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6:58am on Tuesday, 7th October, 2008:

Money in the Bank


When Ireland announced last week that it was extending its guaranteed personal savings coverage to 100% at six Irish banks, there was a sudden flow of capital from other banks operating in Ireland (eg. UK-owned ones) to the Irish banks. It was very irresponsible, as it could have caused a run. It also meant Irish banks had more money around to lend to people (although whether they'll lend to each other remains to be seen).

The thing is, the Irish government probably doesn't have enough money of its own to be able to guarantee those savings. If those banks did fold, they would not be able to hand everyone the money they had — it would be years before they saw it. They might not get it until inflation had reduced its value to nothingness.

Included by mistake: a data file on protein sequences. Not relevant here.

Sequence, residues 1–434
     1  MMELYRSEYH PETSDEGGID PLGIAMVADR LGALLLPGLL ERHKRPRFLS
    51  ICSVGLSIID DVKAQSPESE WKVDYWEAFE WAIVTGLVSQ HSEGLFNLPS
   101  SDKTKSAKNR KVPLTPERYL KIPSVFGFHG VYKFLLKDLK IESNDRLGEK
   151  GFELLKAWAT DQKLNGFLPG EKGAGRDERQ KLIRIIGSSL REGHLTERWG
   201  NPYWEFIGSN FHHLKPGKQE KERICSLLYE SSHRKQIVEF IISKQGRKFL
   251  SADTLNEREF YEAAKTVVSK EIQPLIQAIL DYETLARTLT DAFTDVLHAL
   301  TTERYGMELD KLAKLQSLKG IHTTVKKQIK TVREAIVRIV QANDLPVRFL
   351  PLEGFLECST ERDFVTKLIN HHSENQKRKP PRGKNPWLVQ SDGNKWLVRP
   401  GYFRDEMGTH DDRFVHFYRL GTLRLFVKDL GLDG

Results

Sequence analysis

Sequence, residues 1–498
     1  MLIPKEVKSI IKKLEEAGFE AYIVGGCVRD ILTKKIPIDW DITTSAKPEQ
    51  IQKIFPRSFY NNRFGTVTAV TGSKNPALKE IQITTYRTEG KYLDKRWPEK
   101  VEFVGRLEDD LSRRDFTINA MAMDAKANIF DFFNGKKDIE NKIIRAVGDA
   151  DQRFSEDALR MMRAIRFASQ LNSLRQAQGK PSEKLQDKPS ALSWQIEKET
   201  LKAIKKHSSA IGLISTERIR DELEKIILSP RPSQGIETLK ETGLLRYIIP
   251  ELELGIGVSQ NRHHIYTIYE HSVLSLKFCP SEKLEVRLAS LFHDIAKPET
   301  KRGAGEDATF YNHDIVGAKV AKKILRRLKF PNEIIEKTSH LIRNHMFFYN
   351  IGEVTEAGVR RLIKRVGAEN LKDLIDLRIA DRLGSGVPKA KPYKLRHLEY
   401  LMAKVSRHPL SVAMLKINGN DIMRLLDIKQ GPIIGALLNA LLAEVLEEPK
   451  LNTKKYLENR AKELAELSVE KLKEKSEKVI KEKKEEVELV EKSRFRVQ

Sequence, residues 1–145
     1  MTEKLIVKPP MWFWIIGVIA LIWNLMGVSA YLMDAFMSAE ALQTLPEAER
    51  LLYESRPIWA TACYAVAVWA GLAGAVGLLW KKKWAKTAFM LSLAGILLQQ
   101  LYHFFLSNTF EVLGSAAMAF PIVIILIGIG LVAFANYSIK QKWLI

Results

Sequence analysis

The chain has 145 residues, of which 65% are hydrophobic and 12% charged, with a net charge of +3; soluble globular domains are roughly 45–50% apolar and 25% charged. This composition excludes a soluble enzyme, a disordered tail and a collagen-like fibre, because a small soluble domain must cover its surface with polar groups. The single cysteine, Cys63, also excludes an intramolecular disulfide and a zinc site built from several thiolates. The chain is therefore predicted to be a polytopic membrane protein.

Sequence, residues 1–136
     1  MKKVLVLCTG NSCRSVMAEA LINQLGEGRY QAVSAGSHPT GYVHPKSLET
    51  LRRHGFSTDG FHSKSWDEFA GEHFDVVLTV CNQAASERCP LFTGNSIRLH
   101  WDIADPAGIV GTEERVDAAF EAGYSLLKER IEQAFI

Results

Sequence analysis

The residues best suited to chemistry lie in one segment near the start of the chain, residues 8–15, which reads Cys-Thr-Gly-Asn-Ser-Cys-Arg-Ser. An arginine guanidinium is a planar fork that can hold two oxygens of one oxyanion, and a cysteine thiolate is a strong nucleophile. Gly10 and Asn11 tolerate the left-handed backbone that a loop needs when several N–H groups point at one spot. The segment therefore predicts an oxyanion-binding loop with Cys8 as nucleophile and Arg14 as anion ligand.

Likewise, Greece and Germany aren't able to hand over money just like that should a bank collapse. They don't have it.

Denmark, on the other hand, which also issued such a guarantee, can genuinely pay out all users' savings. The reason is that Denmark (like the UK) is does not use the euro. The Danish government can print as much money as it likes. Yes, this would mean a sudden drop in the value of the krone and a sudden increase in inflation, but people would get their money back right away rather than riot in the streets.

There are, therefore, some advantages to being in Europe but out of the Eurozone.

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Copyright © 2008 Richard Bartle (richard@mud.co.uk).